In national polls, most people say that when they think about memories they see them as recordings, and about half say those recordings are perfect and permanent. The truth is, science now knows that new memories are imperfect, malleable, and often total fabrications invented on the fly. Those memories then degrade over time because each time you recall a past event you construct the memory anew from the context of your present self. In the lab, scientists have been able to form false memories about family vacations, personal illness, car crashes and crime scenes with predictable ease. This doesn’t just bring up concerns about eyewitness testimony, but it reveals the story of who you are is a deeply embellished tale that is more like a movie based on a true story than a home movie played back when feeling nostalgic.
All over the Internet you can find people bickering over who makes the best smart phone, the best coffee, the best pickup-trucks or the best soda. But why would people form such peculiar allegiances to brand names and corporations? Most of the conclusions you draw about the things you own come after you buy them, not before. You have a tendency to create a narrative in which you see yourself as the sort of person who would own the things that accumulate around you, and those things become an extension of your persona. When you argue over Apple vs. Android, it’s less about pointing out which one is better on paper, and more about defending your ego through rationalizing your past decisions to align yourself with the brand.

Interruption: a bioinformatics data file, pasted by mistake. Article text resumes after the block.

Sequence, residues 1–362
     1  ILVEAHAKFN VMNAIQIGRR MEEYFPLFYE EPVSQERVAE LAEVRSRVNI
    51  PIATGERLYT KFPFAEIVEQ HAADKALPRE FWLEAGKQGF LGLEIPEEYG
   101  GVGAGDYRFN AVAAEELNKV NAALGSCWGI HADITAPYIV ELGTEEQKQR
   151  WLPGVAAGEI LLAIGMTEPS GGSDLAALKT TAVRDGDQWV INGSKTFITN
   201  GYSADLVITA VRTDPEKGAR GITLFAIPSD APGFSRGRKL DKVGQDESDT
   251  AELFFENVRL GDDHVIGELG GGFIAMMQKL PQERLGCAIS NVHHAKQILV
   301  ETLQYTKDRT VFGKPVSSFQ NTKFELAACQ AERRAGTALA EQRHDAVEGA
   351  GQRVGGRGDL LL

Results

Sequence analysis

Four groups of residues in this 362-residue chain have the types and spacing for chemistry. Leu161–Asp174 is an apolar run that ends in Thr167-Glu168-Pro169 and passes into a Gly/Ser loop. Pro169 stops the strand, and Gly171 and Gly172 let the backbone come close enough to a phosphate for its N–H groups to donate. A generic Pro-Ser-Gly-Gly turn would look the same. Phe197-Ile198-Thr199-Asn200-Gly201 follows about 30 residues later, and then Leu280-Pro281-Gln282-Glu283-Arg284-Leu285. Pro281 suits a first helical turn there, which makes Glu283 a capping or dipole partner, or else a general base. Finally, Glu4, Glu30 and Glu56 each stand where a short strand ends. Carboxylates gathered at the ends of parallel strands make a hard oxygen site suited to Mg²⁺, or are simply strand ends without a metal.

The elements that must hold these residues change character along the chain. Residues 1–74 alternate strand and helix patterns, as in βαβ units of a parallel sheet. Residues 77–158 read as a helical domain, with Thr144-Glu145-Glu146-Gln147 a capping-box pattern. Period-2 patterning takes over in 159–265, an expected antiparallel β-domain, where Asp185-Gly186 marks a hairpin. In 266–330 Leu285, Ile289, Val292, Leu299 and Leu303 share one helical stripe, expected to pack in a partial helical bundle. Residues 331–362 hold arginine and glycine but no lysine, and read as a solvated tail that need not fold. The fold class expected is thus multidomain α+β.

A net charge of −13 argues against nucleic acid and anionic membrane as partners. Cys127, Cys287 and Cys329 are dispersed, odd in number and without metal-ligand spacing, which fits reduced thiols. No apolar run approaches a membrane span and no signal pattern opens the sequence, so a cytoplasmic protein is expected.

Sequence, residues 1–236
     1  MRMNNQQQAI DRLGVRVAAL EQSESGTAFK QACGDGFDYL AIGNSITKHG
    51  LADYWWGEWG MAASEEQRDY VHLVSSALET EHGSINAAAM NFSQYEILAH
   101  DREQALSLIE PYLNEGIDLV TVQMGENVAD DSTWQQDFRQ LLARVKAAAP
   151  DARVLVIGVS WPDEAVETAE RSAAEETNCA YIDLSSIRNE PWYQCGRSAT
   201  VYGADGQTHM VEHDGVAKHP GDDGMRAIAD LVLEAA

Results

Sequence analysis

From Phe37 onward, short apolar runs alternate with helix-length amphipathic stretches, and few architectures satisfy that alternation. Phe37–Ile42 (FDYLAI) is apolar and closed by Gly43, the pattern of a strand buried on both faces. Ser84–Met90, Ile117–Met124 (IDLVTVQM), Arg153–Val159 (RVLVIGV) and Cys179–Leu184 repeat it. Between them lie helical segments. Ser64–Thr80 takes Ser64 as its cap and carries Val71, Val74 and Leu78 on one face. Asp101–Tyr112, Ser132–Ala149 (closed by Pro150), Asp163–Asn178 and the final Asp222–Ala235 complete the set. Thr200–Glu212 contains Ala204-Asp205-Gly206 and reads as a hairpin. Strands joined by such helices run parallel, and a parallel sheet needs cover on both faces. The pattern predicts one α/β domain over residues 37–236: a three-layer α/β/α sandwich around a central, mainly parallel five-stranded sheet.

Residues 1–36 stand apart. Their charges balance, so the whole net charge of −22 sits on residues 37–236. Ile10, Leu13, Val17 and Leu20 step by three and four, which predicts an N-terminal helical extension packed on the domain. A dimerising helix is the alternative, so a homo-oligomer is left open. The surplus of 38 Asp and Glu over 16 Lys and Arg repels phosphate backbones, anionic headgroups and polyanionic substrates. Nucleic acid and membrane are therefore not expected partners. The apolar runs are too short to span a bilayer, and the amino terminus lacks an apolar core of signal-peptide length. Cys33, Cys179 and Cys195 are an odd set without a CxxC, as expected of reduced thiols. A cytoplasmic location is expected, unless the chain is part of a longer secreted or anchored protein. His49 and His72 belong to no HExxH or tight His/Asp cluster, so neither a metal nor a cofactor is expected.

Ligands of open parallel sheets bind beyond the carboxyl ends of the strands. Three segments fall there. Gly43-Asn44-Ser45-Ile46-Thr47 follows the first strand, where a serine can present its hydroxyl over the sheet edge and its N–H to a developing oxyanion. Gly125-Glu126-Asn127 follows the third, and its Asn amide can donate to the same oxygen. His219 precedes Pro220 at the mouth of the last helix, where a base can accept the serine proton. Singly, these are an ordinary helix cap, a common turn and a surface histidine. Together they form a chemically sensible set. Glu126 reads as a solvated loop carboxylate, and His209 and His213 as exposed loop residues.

You are doing it right now, avoiding what you ought to be doing by messing around on the Internet. If it wasn’t this article, it would be a photo gallery, or a YouTube video, or a Tumblr about ‘80s fashion. When you got your hands on the world wide web, a new responsibility came with that gift - the challenge of staying on task instead of indulging in instant gratification. The reason it is so difficult to manage your behavior is a psychological phenomenon called present bias. You are inclined to imagine the way you feel later will be the way you feel now, but the truth is that you will be a completely different person when the future arrives. The now-you knows you should be working on an important project, and believes the future-you will hold up his or her end of the bargain, but the future-you is a scoundrel who can’t be trusted with the television remote. The only way around it is to make it difficult for the future-you to sabotage both parties.
Add this word to your vocabulary right now: confabulation. When you lie to yourself and others without realizing it, psychologists call that lie a confabulation. You have no problem creating narratives to explain yourself to yourself when asked to describe your own behavior or create a justification for your own choices, but psychologists see time and again that those explanations are just stories that serve as reasonable explanations that may or may not match the truth of the matter. In experiments in which people are asked to choose one item over another in a series, people tend to pick the last item shown, but when asked to explain why, they rarely mention the order. Instead, the explanations tend to focus on the qualities of the product. The subjects unconsciously lie in an attempt to make sense of their own choices.